Psalm 65:9-13; Numbers 7:1-35; Mark 11:12-26

Psalm 65:9-13  The final verses of this psalm are perhaps the most beautiful description of God’s creation to be found in the Psalms.  God is the ultimate steward of the bounty of the earth: “You pay mind to the earth and soak it. You greatly enrich it. God’s stream is filled with water.” (9)  As here in California and certainly in the Middle East, water plays a central role.  And with water, it is God who creates growth: “You ready their grain, for so You ready it.”

Water is nature’s essence: “Quench the thirst of its furrows, smooth out its hillocks, melt it with showers, its growth You will bless.” (10)  Water, and the fruit that arises from it, comprise the apotheosis of a bountiful harvest: “You crown Your bountiful year, and Your pathways drip ripeness. The wilderness meadows do drip,”  One can hear the drops of water of the just-concluded rain falling from the leaves of green plants.

And finally, the image of beautiful clothing covering the earth–all created by the water and God’s bounty:  “with joy the hills are girded. The pastures are clothed with flocks and the valleys are mantled with grain.”  No wonder “They [all of creation, I think] shout for joy, they even sing.”  As do we when we survey the green hills following a gentle rain.  An image to hold in my head through this drought-stricken, fire-plagued California landscape.

Numbers 7:  Although the Moravians split this chapter in two, I’ll deal with it as a whole.  It much more catalog than a narrative chapter.  The Tabernacle has been set up and the chiefs of the tribes bring the offering of each tribe: “the heads of their  fathers’ houses, they are the chieftains of the tribes , they are the ones who stand over the reckoning.” (2)

The 12 chieftains bring their offering in 6 wagons (one wagon for two tribes), each pulled by 2 oxen.  The wagons and oxen are an immensely useful offering themselves, and “two wagons and the four oxen he gave to the Gershonites, and “four wagons and the eight oxen he gave to the Merarites according to their work.”  But “to the Kohathites he did not give, for the work of the sanctuary was upon them, on the shoulder did they carry.”  (8-10) So the Tabernacle was carried form place to place by wagon and oxen, although the Kohathites didn’t require wagons since the sanctuary furnishings they carried were relatively light.  A reminder that in church building campaigns, pledges built to pay for the invisible items such as the structure and foundation are just as important as the visible furnishings and decoration.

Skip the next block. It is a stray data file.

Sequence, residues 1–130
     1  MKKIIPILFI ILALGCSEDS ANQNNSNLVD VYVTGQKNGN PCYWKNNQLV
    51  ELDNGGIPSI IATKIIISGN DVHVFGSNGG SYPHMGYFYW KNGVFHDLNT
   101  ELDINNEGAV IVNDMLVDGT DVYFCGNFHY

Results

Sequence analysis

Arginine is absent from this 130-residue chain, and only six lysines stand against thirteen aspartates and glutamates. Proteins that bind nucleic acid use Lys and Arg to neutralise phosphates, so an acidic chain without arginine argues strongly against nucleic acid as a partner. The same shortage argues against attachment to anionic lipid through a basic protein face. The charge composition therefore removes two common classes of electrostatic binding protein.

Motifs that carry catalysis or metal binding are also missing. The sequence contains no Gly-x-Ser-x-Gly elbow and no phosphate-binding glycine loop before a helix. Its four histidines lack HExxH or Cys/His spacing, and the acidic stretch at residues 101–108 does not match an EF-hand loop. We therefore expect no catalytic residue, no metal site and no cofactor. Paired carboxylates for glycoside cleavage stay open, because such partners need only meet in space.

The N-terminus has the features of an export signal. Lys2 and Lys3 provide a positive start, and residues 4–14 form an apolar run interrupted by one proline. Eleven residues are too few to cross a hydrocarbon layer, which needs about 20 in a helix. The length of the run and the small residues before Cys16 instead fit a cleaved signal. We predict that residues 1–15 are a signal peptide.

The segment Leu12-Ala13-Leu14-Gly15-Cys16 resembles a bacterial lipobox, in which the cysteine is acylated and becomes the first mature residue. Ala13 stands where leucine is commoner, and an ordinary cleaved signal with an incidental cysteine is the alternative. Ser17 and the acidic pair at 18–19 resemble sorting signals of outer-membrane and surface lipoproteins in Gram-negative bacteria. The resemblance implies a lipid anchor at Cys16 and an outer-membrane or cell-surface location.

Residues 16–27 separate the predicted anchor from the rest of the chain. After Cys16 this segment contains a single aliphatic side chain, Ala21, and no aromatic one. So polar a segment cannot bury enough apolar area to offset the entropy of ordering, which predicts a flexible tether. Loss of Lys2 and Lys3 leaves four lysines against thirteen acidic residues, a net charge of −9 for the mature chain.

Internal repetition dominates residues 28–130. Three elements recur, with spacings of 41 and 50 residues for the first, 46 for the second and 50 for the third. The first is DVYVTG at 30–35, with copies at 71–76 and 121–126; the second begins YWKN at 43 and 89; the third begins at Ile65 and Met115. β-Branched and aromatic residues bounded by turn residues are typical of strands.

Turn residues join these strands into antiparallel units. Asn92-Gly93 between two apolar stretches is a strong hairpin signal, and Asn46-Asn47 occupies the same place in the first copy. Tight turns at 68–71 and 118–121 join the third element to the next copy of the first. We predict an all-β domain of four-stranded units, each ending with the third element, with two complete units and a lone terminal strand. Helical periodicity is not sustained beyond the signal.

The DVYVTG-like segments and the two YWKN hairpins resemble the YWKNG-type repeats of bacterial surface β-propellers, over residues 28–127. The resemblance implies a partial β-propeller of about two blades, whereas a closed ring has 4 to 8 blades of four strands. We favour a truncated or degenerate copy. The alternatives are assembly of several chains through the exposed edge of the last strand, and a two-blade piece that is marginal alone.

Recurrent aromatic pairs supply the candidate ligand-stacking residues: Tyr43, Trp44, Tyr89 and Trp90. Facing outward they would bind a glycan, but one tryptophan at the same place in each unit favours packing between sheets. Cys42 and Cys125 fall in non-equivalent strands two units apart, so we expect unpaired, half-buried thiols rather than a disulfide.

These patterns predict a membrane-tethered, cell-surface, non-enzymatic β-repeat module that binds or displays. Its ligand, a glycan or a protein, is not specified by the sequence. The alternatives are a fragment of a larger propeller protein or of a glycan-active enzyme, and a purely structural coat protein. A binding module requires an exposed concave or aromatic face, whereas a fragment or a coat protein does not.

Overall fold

This is also one of those passages where you realize that actual history is described.  A fairy tale would not deal with such mundane but necessary issues as cartage of the Tabernacle.

Then comes what Alter calls an “epic inventory,” a listing of the items that each tribe brought as an offering.  But each offering, described in loving detail, is exactly the same–denoting the equality of each tribe.  And the identical inventory is repeated for each tribe, resulting in twelve verbatim lists occupying this chapter.  But that’s not redundancy by any means: years later, when each tribe looked back  at its history, they could see in writing what their forebears had done.

And we engage in the same practice today, most popularly in lists of donors printed in the appendices of every non-profit’s annual report.  Naming names in writing reminds us that we were there–and that we made a difference.

Mark 11:12-26  I wonder if there’s a PhD thesis or two out there regarding Mark’s juxtapositions?  In today’s reading, Jesus curses the fig tree, then cleanses the Temple, then talks to his disciples about the significance of that same withered fig tree.

Mark’s logic chain really quite simple: Fruitless fig trees are useless and need to be removed from the garden.  (Although Mark tells us figs were not in season, but that apparently didn’t matter to Jesus; he was hungry.)

For Jesus, the commerce at the Temple was just as pointless as the fruitless fig tree–a perversion, if you will, of its original function.  The Temple has but one purpose: “My house shall be called a house of prayer for all the nations.” (17)  But instead it has become a “den of robbers.” 

Then, leaving the city, they pass by the now obviously dead fig tree.  And Jesus grasps the teachable moment: “I tell you, whatever you ask for in prayer, believe that you have received it, and it will be yours.” (24).  At first glance, this seems something of a non-sequitir, having little to do with a dead fig tree, until we recall what Jesus said about the Temple being a house of prayer.  

So, we too, absent prayer in our lives, or more specifically, faith that our prayers will be answered, are not much different than a dead fig tree or a moneychanger in the Temple courtyard: pretty useless.  But if we have faith in praying then we, too, will bear great fruit. Especially when we pray to forgive others.


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